Nancy and Barbara Paris
Caregiving

My Sister's Lungs, Part 4: The Beginning

Editor’s Note: In the fourth part of a five-part series, thirdAGE contributor Nancy Wurtzel (at right in the above photo) shares the ordeal her sister Barbara (at left in the above photo) is undergoing as she waits for a match for a lung transplant. Barbara’s situation is complicated by the fact that her husband, Jim, has Alzheimer’s. Additionally, the sisters’ mother is suffering from dementia as well. Here is the story of a family on a frightening, grueling healthcare journey of the kind that will be all too familiar to millions of Americans. You can read the first installment here, the second installment here and the third installment here. For an article by Nancy on the “organ transplant gap,”  click here.

By Nancy Wurtzel

My older sister, Barbara, worked in the health care field for many years.  During the 1980s, she was director of public relations for a large hospital in Southern California, and later ran her own business, consulting for a variety of medical clients.  She understood the health care system and knew how to navigate it.

But when her health began failing her some 16 years ago, Barbara found that getting answers wasn’t all that easy.

In the early stages, Barbara’s her illness seemed a mere inconvenience.  It started with a series of colds that kept coming back, a cough that lingered and a chest infection that seemed resistant to regular antibiotics.  As the years wore on, she began to experience a shortness of breath when walking upstairs, and she had a few bouts with pneumonia.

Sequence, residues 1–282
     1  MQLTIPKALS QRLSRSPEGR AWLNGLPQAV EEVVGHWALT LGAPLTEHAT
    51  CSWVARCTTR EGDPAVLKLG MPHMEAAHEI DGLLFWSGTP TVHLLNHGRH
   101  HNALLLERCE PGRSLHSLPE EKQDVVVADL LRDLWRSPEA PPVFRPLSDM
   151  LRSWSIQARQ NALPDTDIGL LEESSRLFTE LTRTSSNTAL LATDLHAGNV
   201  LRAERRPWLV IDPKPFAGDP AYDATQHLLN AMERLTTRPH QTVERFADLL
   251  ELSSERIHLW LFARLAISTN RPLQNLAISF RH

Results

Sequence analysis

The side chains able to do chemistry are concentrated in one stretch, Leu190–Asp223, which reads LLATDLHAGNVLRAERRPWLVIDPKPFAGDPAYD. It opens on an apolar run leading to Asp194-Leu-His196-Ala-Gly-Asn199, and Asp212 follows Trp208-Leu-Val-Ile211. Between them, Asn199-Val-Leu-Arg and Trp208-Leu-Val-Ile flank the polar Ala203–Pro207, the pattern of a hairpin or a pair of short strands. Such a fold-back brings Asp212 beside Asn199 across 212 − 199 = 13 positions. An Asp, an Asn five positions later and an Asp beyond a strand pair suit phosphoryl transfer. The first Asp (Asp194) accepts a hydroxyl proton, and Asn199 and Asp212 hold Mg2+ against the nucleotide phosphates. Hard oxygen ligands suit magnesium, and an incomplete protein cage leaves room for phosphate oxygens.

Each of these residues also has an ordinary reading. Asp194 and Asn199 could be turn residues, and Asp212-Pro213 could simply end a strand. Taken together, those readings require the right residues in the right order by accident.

However, since her doctor didn’t seem too concerned, it was easy for my sister to believe she’d feel better soon.

But the respiratory symptoms didn’t disappear.  Steadily, they got worse.

Seeking answers, Barbara made an appointment a highly-regarded pulmonologist.  When he couldn’t pinpoint the underlying problem, she went to another.  After seeing a third specialist, she wasn’t any closer to getting a diagnosis.

By this time, Barbara was worried.  Her anxiety soon propelled her to Mayo Clinic in Rochester, Minnesota.  Their diagnosis was Interstitial Lung Disease, an incurable, progressive condition.  Later, Barbara would learn it was caused by hypersensitivity pneumonitis; a toxic lung inflammation brought about by breathing in a foreign substance like fungus or mold.

My sister finally had a name to go with her condition, but she had no idea what had caused it.  Her Mayo doctors theorized she must have inhaled something very toxic over a prolonged period.  Whatever she had breathed had seriously damaged her lungs.

Doctors quizzed Barbara repeatedly about how she might have contracted the disease.

It was a puzzle with missing pieces.

Then, just a few years ago, Barbara was talking by phone with her ex-husband, whom she had only recently reconnected after many years.  While they were chatting, her former husband made this off-hand comment, “I’ve always thought your illness was caused by working in that sick building.”

“What sick building?” Barbara asked.

She didn’t know it then, but some of those missing puzzle pieces were beginning to drop into place.

Back in the mid-1970s, when Barbara was in her mid-20s, she took a job as an information officer for the State of Minnesota.  Her department, along with many others, was housed in a large office building adjacent to the state capitol.

This building had a complicated past.

Originally built as a small factory in 1912, the building was enlarged several times over the years, and by the late 1960s, the cobbled-together structure also housed a large warehouse.    The old four-story building certainly wasn’t desirable, but the location was.  A local developer purchased the aging complex, reinforced the existing structure, made cosmetic changes and then added five new floors.